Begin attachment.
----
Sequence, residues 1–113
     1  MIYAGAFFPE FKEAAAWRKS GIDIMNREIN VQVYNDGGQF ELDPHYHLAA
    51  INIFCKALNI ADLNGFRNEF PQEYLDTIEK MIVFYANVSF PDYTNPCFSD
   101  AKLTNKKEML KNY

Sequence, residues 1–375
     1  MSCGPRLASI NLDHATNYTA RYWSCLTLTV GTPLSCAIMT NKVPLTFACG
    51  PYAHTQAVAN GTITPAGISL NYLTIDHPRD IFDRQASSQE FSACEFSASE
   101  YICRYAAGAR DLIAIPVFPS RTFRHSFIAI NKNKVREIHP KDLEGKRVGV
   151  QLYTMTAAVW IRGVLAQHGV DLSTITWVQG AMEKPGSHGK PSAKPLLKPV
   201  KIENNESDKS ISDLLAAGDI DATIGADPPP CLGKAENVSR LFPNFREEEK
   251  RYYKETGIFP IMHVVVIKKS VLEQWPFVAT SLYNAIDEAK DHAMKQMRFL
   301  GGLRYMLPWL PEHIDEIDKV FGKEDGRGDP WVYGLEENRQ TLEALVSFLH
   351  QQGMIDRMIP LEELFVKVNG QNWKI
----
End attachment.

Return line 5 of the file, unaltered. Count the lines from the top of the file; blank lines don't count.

Sequence, residues 1–375